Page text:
Consumer Reports says even celluloid cyclists should wear helmets. When a 20 minute-car trip can be replaced with a 10-minute bike ride, bicycling becomes the obvious choice. Turns out if you right hook a cyclist in Tucson, it’s the cyclist’s fault. Seriously. Not surprisingly, Portland developers cater to a two-wheeled clientele; thanks to George Wolfberg for the heads-up. A Seattle cyclist writes about having his life threatened by a laughing truck driver in an apparently deliberate assault. Licensing bikes is impractical, according to a Seattle radio host. A Sioux Falls driver gets a whopping 100 days in jail after mixing prescription meds and alcohol before blacking out and killing a cyclist; yeah, that’ll certainly send a message that it’s okay to get high and kill people. A Packer fan downs six beers and two mixed drinks before running down a cyclist. Former U.S. 5k champ Henry Dennis is killed when his bike is hit from behind by a drunk driver in Wisconsin; sounds like that state may have a drinking and driving problem, then again, what state doesn’t? Looks like Chicago will be the next big city to get a bike share program. A Chicago cyclist takes Critical Mass to task, as well as repeatedly promoting his own book. No airhead beauty queen here, as Miss Ohio pedals 850 miles across the state to raise money and awareness for Children’s Miracle Network Hospitals. What sentence would you give a drunk driver who ran down a cyclist at 6 am on his way home from a strip club? Richmond VA will host the 2015 world road championships.

The Vancouver Sun reminds drivers to check their mirrors before opening doors; we should all send them a thank you card. Britain’s bike clubs are booming. Is it really a Cycle Superhighway if you have to get off your bike and walk it — on a barricaded sidewalk, no less? Brits debate just whose road it really is. Italian authorities implicate Lance Armstrong in paying the reputed doping doctor he claimed to stop seeing in 2004; meanwhile, Levi leaps to Quick-Step. Video of the recent European record 80 mph bike ride. Pot, meet kettle — the European Automobile Manufacturer’s Association claims bicycling is a luxury few can afford. Fast cyclists live longer than slow ones. So there.

Finally, the Lovely Bicycle encounters our own framebuilder Megan Dean at Interbike, and likes what she sees; then again, doesn’t everyone?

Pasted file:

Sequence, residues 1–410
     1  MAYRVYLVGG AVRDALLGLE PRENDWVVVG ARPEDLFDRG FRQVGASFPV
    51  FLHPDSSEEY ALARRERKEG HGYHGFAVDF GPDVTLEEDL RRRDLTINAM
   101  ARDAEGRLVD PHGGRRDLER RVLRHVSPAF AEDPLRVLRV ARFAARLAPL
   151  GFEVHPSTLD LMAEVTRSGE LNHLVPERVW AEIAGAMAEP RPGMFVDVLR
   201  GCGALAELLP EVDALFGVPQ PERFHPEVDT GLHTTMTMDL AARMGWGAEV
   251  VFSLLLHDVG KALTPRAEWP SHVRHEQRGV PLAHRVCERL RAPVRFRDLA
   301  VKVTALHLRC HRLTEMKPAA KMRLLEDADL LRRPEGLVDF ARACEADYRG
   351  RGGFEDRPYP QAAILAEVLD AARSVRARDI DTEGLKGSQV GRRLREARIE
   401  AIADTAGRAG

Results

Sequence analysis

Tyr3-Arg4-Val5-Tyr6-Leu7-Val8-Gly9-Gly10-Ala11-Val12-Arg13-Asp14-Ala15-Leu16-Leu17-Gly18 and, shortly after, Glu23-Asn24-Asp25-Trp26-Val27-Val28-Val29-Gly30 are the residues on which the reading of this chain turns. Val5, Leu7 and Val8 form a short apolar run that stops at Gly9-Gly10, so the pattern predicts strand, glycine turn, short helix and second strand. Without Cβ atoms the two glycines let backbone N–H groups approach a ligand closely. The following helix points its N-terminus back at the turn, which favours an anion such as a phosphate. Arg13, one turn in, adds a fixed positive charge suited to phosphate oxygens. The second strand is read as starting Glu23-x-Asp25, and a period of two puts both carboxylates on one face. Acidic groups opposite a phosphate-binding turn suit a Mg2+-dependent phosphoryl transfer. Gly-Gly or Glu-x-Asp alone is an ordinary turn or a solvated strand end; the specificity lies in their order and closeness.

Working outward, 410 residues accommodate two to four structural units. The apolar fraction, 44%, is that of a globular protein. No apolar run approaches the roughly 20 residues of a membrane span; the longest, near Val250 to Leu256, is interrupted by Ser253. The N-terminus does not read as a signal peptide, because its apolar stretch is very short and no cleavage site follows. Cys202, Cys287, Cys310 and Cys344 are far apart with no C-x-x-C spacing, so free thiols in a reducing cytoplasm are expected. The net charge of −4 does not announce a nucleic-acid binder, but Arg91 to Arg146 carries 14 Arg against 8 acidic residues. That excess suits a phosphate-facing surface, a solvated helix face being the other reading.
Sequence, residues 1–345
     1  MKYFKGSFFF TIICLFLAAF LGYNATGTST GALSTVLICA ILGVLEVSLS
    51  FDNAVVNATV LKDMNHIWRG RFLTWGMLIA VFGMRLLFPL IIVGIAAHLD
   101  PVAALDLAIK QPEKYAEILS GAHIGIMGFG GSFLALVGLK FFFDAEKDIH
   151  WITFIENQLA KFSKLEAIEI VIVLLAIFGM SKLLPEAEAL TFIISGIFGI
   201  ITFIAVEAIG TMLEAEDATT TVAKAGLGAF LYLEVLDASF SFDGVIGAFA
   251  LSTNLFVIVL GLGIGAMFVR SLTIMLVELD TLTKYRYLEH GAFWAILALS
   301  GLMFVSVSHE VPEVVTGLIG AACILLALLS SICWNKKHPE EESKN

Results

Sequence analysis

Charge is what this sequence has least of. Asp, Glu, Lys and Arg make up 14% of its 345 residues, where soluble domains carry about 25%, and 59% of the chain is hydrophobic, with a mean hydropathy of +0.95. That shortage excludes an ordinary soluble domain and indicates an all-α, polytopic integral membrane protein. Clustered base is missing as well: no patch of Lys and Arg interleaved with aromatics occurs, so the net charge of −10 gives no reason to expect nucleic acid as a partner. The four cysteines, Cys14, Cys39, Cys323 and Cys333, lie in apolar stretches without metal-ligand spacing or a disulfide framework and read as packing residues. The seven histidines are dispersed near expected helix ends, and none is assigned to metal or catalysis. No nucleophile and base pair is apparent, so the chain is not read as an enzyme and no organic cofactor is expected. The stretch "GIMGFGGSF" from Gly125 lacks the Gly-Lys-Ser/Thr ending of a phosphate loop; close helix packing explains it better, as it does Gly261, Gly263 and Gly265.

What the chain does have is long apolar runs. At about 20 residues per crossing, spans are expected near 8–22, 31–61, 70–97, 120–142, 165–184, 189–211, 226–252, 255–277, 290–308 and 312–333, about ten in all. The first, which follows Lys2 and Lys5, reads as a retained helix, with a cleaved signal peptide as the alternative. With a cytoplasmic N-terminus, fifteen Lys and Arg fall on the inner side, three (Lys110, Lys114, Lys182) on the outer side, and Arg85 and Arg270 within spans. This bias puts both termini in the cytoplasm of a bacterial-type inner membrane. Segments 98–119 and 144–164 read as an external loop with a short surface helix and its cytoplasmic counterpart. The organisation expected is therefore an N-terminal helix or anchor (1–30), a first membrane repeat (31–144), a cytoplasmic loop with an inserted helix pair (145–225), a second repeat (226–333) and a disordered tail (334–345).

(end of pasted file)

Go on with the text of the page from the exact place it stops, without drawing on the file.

Important meetings on Main St road diet and Verdugo Ave bike lanes tonight, and bike safety in Signal Hill

Just a few quick notes before I get back to work.

First up, the Venice Neighborhood Council meets tonight to discuss the planned Main Street Road diet, among other issues.

While I strongly support the plans to make the street safer and more inviting for everyone, a work deadline is going to keep me home slaving over a hot laptop long into the night.

But if you’re free this evening, I strongly urge you to attend the meeting to show your support.

Here’s what long-time bike advocate and former fellow LACBC board member Kent Strumpell has to say on the subject:


The City of Los Angeles proposes to extend the bicycle lanes on Main Street in Santa Monica to the Windward Circle in Venice.  This project will be on the agenda for the VNC Board of Directors to consider supporting at their Sept. 20th meeting.  Please come show your support for this important bikeway improvement.  You can also email the Board (see below).

LADOT counted 730 cyclists on Main St. in Venice in a 6 hour period earlier this year, making it one of the most important bicycle routes in Venice.  Providing bike lanes on Main Street from Navy to Windward Circle will create a “Complete Main Street”. The proposed bike lanes will rebalance the street and provide more safety for all road users whether they be on bicycle, foot, or in a car.  Creating a complete Main Street will require removing a travel lane in each direction in order to accommodate the bike lanes and a two-way left turn lane in the center of the road. All on-street parking will remain.

This reconfiguration of Main Street will provide better bicycle connectivity to nearby areas, help achieve more sustainable transportation in our beach community and encourage a more bike-able, and walkable Venice!

Proposed changes for Main Street in Venice


1. Encourages more bicycling and walking in Venice and fewer car trips

2. More trips by bicycle means less demand for parking

3. Businesses can benefit: increased customer access by bike and foot traffic, reduced demand for parking, calmer traffic allows more people to notice businesses

4. Deters speeding, increasing safety for all road users

5. Provides a dedicated center lane for left turns, decreasing rear-end and side-swipe collisions

6. Improves visibility for motorists exiting driveways or turning onto Main Street

7. Provides dedicated space and enhanced safety for bicycles on Main Street

8. Provides better visibility of and for pedestrians crossing Main Street


Attend the Venice Neighborhood Council meeting and speak in support.  Fill out a speaker card for the Main St. agenda item when you arrive.
When:  Tuesday, Sept. 20, 2011, 7PM
Where: Westminster Elementary, 1010 Abbot Kinney (just south of Main).